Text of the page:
Washington: The CIA may start using new jet-powered drones to target al-Qaeda and Tali an militants in Pakistan to overcome some of the logistic hurdles posed by the slower-moving unmanned aircraft now being deployed from US bases in Afghanistan, according to a media report.
The new jet-powered drone called the Predator C or Avenger could figure in the Obama administration’s plans to use bases outside Afghanistan in case the US is forced to withdraw all American forces from Afghanistan at the end of this year, the Los Angeles Times reported.
The Avenger could “get to ‘hot’ targets in Pakistan much faster and might solve some of these logistic problems posed by the slower-moving propeller-driven Predator and Reaper drones,” said Brian Glyn Williams, a University of Massachusetts professor and author of the book “Predators: The CIA’s Drone War on Al Qaeda.”
General Atomics, which makes the Avenger, says it is ready for combat. So far, the San Diego-based company has built four prototypes, the report said.
The report also said that the US was making contingency plans to use air bases in Central Asia to conduct drone attacks in Pakistan in case the bilateral security agreement is not inked with Kabul.
If the security pact is not signed, the Pentagon’s biggest challenge will be closing huge military facilities like those in Bagram and Kandahar.
But even if alternative bases are secured, American officials said, the CIA’s capability to gather sufficientintelligence to find al-Qaeda operatives and quickly launch drone missiles at specific targets in Pakistan’s mountainous tribal region will be greatly diminished if the spy agency loses its drone bases in Afghanistan.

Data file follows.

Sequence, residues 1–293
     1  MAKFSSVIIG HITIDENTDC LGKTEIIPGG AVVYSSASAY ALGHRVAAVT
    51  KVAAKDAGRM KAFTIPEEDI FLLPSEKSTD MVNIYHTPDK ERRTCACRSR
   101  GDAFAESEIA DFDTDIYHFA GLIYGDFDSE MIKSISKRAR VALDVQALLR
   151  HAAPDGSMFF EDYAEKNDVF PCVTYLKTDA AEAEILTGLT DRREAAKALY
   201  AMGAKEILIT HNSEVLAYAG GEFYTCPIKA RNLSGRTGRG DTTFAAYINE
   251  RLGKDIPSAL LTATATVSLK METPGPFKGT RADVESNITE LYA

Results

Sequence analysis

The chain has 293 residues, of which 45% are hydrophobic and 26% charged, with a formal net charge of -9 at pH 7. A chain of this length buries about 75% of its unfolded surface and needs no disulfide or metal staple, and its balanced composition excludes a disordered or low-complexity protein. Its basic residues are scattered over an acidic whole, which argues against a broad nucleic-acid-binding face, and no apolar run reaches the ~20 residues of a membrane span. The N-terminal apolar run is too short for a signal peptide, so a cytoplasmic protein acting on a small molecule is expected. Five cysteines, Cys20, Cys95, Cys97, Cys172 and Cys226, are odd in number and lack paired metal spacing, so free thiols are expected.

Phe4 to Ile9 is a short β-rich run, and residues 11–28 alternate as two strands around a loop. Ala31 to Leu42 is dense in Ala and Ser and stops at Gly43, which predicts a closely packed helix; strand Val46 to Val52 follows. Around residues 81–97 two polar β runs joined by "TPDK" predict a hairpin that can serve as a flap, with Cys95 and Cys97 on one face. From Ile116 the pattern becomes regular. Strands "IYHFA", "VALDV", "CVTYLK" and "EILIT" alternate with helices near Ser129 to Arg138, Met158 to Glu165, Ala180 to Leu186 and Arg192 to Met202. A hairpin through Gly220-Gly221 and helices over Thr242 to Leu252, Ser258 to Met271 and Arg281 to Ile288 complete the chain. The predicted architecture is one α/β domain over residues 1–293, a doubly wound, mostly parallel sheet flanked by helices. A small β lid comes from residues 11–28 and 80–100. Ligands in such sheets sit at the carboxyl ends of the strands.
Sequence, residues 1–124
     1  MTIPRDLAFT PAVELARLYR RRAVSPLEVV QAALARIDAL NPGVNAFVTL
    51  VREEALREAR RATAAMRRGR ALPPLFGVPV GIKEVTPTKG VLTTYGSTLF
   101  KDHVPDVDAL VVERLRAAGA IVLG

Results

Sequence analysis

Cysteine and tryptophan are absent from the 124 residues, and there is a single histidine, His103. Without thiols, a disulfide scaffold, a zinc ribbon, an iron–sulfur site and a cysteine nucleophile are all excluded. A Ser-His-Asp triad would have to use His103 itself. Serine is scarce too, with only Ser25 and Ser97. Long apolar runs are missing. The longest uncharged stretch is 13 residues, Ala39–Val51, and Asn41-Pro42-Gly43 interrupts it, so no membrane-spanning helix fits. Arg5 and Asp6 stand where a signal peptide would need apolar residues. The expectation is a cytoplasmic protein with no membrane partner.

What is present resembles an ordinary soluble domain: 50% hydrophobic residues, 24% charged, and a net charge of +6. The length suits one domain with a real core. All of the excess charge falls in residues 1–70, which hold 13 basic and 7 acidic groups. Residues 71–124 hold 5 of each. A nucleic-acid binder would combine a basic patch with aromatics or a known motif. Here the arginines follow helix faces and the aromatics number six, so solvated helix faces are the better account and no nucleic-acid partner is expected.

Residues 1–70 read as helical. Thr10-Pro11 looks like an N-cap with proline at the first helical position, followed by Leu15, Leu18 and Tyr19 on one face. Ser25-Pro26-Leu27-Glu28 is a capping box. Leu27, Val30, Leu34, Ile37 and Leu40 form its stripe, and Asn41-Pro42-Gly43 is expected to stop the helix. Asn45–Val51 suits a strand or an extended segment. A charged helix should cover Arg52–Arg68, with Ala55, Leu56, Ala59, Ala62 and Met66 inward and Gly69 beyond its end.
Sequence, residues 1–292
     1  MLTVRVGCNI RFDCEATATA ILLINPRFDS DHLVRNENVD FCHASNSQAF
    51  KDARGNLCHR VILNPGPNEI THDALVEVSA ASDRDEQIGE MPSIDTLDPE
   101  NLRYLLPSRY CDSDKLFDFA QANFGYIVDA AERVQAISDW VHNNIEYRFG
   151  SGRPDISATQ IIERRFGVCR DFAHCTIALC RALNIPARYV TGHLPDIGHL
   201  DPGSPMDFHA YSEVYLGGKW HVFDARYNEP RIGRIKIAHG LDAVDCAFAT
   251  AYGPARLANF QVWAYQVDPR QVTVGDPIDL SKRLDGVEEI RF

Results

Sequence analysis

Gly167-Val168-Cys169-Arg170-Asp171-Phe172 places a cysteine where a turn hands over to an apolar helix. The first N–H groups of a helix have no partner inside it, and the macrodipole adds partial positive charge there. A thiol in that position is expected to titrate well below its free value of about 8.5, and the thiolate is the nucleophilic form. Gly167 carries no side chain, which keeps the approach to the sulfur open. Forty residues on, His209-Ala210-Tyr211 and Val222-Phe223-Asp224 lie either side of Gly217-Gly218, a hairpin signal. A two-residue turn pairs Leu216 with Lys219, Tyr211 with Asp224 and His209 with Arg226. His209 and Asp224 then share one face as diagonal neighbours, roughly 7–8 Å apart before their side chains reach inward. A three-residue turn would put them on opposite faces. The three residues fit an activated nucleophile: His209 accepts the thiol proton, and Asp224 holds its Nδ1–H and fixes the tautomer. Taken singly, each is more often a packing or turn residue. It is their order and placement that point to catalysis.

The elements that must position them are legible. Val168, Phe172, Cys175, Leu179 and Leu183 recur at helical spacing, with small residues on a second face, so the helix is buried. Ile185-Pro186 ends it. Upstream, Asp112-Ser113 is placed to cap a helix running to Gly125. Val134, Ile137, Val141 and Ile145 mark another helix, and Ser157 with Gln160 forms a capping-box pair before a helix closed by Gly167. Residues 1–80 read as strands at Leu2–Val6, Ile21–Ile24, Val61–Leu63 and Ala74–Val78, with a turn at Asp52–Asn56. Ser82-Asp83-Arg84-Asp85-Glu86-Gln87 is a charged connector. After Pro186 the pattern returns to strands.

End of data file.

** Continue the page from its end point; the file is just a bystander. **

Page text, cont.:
The CIA’s targeted killing programme thus may prove a casualty of the bitter standoff with Afghan President Hamid Karzai over whether any US troops can remain in Afghanistan after 2014, as the White House has sought, the report said.
The CIA cannot fly drones from its Afghan drone bases without US military protection, American officials said.
If the bases are evacuated, the CIA fleet of Predator and Reaper drones could be moved to airfields north of Afghanistan, US officials say, without naming the countries.
“There are contingency plans for alternatives in the north,” said one official.
The CIA and the military used an air base in Uzbekistan to conduct drone flights until the US was evicted in 2005. The US also has used a base in Kyrgyzstan to conduct air operations, including moving troops and supplies into Afghanistan.
America’s drone strikes have triggered fierce controversy in Pakistan. US officials say the drone attacks are key in the fight against Taliban and al-Qaeda militants based in Pakistan’s unruly tribal areas.
Hundreds of people have been killed in the drone attacks, many of them militants – but precise numbers and the identities of victims are in dispute.